Hey Mattie,

What you have to do is not compare the value of the touchdown to the value of that down, but rather to the value of the *next* down. That is, we're using as theory the comparison of a touchdown or a play down to the one.

Think of a fourth down play. It's 4th and goal at the one. QB passes, incomplete. His team is now in a +1.55 sitution. Why? Because for the *offense*, being at your own 1 yard line on 1st and 10 is worth -1.55 points. So the QB's fourth down incompletion puts his team at +1.55; a fourth down TD would have put his team at +6.4. So the value of his fourth down

touchdownis 4.85.Keep in mind that the starting field position on a play is irrelevant. Consider fourth and goal from the 10. A play to the 1 puts the team in a +1.55 situation; a play to the end zone puts the team in a +6.4 situation. The value of the fourth down touchdown is still 4.85.

So you're always comparing the value of a touchdown on down X to the value of being in down X+1. By definition, a long TD must be worth more than a TD on first and goal. Why? Because we're comparing to a play that gets you down to the one yard line. In the former example, you're in 1st-and-G from the one; in the latter, it's 2nd-and-G from the one.

Okay, now I understand where the 4.85 comes from but not why you're comparing a TD to an incomplete rather than the average result of a 4th and goal play. What happened to interceptions in the end zone, or fumbles, or sacks? By that logic, you'd compare made extra points to a missed extra point. If you're going to do that, an extra point attempt is worth right around 1.0 and the kicker is the most valuable player on the team since they don't miss extra points.

In reality, every kicker makes what, 98% of his extra points? More? So we're saying 98% of that value is already there in the "and goal" situations, and a made extra point is really worth the value 1.0 minus the average value of an extra point attempt (0.98, 0.99?) so it's worth 0.01 or 0.02 points and a missed XP would be worth -0.99 or -0.98. So why arent' we doing this for passing plays? To my mind, a TD on 4th and goal is worth 3.2 and an incompletion would be worth -1.65. The difference between those two results is still 4.85 but now it's not all weighted on the positive end.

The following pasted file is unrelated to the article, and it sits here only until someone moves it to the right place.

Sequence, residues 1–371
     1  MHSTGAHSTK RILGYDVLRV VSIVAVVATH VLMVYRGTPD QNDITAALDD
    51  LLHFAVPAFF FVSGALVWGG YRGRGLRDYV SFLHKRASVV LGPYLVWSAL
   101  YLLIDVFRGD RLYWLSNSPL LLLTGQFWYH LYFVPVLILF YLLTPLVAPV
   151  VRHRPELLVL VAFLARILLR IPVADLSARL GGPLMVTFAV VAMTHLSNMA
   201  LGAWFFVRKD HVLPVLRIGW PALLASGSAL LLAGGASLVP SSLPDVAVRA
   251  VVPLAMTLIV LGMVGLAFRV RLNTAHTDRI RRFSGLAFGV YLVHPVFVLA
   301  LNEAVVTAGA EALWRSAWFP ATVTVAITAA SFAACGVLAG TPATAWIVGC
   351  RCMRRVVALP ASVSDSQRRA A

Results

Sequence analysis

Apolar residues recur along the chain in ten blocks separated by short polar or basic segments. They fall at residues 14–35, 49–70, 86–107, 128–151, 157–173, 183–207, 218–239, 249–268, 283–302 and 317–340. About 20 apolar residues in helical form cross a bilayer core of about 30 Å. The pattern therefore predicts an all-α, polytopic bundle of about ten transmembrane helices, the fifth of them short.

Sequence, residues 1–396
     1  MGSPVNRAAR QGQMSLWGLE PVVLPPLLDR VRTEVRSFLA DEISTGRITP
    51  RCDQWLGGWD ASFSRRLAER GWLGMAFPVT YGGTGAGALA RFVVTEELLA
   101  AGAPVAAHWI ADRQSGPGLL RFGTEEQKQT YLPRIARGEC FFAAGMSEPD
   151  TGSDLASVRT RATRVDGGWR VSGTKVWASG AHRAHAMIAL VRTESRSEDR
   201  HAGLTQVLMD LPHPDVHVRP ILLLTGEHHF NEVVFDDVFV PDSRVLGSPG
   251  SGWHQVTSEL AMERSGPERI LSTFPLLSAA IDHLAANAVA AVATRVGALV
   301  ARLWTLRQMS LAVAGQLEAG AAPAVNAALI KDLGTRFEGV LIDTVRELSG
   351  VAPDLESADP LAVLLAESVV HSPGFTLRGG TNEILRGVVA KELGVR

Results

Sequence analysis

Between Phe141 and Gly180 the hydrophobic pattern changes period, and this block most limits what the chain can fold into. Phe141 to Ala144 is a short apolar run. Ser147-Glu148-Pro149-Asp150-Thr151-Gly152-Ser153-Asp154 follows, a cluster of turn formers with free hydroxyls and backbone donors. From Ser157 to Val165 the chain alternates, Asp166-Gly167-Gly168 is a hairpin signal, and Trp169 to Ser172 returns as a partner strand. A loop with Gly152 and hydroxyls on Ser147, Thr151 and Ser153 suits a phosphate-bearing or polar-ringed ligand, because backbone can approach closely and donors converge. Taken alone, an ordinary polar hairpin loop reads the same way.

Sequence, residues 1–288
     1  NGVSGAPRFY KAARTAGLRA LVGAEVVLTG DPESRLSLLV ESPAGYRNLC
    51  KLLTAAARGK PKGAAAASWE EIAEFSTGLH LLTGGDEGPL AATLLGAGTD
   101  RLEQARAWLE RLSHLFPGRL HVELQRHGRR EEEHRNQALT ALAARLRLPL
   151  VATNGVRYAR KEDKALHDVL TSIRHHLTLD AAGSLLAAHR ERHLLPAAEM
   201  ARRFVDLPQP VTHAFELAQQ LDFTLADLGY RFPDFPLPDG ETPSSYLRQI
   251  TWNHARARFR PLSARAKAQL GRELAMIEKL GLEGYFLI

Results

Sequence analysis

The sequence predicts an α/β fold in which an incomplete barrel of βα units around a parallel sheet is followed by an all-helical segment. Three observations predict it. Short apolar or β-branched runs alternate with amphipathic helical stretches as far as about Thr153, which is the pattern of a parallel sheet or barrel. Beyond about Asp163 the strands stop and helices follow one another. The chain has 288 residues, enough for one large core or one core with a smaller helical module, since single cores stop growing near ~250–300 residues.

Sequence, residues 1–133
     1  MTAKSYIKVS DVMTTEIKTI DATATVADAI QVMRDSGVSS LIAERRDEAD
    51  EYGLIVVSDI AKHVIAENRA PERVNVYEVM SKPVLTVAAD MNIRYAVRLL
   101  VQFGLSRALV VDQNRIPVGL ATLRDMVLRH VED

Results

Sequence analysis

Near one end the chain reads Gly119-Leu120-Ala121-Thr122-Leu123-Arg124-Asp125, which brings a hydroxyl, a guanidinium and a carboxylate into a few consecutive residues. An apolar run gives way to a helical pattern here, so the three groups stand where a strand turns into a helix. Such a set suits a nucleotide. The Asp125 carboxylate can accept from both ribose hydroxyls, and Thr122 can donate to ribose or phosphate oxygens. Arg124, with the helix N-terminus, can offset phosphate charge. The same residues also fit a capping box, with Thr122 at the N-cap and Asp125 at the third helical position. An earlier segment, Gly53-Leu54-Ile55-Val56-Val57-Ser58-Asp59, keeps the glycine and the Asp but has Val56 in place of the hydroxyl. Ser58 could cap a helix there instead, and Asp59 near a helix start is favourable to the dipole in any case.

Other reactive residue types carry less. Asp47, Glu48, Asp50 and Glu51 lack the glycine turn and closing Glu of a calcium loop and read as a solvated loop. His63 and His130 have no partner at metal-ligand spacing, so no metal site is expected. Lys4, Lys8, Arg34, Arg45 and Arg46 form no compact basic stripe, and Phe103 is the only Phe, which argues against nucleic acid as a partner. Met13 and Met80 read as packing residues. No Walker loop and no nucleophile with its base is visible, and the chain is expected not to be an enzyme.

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Lets say 1st and 10 from the 20 is worth 3.0 points. (arbitrary)

If we throw a TD, we just incresed our value from 3.0 to 6.4, so the value of that play is 3.4. That's partly for the TD and partly for the 20 yards. Your analysis suggests 2.55 for the 19 yards, then 0.85 for the TD+1 yard.

If we throw a 19 yard pass, then throw a TD on 1st and 1, we've "scored" 3.4 across two plays instead of 1, so they still need to add up to 3.4, right?

2.55 + 0.85 (if it was 1.07, a 19 yard and 1 yard pass would be worth more than a 20 yard pass)

If we throw a 19 yard pass, three incompletions, and a TD pass, it's still worth exactly 3.4 split up over 4 plays:

2.55 - 0.22 - 0.58 - 1.55 + 3.20

If a TD on 4th and goal was worth 4.85, that series of plays would be more valuable than either of the above, which makes no sense to me at all.

Hey Mattie,

Those are two different points so let me address them separately.

Your first point is correct. It's something I've spent a little bit of time thinking about, and I'm not sure what to do. Your XP example is a good one -- the problem with my system is it doesn't address difficulty level. Value and difficulty level often coincide, but not always, and this is probably a good example of that.

On the other hand, I think it's not a serious problem as long as our comparisons are intraposition. If we're comparing kickers to each other, it's okay if they all get 1.00 points for XPs instead of .02 points, as long as we're looking at rate numbers and not totals.

For QBs, the value of a touchdown, on average, is worth about 19.3 yards. Sometimes those touchdowns will be easy, sometimes hard. Sometimes a 10 yard pass is easy, and sometimes it will be hard. I think the only way to do it given the limited data available on older players is to look just at value creaeted. Keep in mind that when we do the best QB ever rankings, we are comparing all QBs to all other QBs, and that handles a lot of these concerns. At least, I think.

Mattie,

Your other point is also a fair one. Yes, a 4th-and-G TD is going to be more worth more than a regular TD. I understand that my system says 19 yard completion, INC, INC, INC, TD is worth more than 20 yard completion for a TD. But it's actually not. Why?